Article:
It wasn't that long ago when people were running around pulling their hair out because of a swift sell off in the bond market. As yields spiked in the 10 year and 30 year notes, a lot of attention was invested in trying to explain what this meant.
In early July I showed one simple indicator based on the 10 year Treasury Notes and how it has a very good record of finding market tops - something most indicators are loath to do.
Here is the indicator again, going back three years:
As you can see, this is able to not only find tops, but bottoms as well. Whenever the rate of change of the 10 year T-Notes drops into negative territory, we start to see a high probability of the equity market bottoming. It isn't perfect, as you can see. It missed the October 2005 bottom (or was early depending on how you want to think about it).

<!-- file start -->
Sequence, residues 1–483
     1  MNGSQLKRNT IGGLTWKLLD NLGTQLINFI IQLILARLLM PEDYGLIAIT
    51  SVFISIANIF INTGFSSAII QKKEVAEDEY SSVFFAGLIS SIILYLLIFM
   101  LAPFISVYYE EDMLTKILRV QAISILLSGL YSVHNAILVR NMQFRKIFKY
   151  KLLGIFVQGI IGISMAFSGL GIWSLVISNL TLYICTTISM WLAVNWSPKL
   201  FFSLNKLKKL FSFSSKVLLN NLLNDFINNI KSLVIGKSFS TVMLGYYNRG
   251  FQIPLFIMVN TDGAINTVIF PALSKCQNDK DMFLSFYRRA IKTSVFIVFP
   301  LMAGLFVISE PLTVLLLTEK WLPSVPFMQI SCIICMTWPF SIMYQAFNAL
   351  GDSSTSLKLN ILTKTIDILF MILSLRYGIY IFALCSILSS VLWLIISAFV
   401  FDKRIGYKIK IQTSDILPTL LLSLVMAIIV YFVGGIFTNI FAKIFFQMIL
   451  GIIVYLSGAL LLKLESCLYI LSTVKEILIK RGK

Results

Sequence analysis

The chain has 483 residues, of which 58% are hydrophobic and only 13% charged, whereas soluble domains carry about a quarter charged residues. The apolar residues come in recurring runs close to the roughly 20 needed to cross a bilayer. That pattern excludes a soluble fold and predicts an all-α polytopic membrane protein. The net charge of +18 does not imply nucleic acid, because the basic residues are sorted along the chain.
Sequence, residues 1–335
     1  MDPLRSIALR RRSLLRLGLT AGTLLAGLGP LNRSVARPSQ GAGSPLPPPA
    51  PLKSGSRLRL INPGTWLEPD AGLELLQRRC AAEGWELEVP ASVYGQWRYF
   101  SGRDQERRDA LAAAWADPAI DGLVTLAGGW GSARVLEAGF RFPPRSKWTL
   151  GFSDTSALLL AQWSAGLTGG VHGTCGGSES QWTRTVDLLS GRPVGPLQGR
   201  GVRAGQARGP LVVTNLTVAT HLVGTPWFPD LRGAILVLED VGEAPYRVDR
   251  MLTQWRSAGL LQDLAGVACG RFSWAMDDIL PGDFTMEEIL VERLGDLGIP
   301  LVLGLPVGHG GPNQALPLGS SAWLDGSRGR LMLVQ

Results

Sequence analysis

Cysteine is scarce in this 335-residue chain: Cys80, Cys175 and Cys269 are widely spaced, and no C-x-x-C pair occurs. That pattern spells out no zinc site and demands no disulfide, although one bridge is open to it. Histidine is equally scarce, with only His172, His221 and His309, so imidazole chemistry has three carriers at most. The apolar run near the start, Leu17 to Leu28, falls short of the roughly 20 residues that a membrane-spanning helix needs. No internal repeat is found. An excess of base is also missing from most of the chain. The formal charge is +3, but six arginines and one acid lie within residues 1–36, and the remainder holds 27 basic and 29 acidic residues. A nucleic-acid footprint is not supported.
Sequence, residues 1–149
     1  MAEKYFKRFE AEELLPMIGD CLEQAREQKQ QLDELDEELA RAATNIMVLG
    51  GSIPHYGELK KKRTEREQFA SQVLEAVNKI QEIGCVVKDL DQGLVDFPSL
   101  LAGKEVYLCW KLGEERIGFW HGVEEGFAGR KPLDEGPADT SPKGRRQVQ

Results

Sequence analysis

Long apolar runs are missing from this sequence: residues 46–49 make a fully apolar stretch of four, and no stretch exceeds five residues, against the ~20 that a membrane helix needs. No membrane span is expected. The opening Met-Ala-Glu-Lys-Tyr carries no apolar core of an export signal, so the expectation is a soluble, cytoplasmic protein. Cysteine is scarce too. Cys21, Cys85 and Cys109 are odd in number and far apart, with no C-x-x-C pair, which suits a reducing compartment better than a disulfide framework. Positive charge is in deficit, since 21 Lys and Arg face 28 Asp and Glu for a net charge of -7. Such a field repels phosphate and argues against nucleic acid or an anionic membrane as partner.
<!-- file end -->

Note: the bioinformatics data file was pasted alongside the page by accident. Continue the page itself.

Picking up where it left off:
The rational argument is that as bond yields fall, equities become more appealing compared to bonds. And so funds flow from bonds to stocks. Although not simple, it is both logical and fairly consistent. What else can you ask from an indicator?10 year treasury, 10 year treasury notes, bonds, bond market, bond yields, inflection point, market tops
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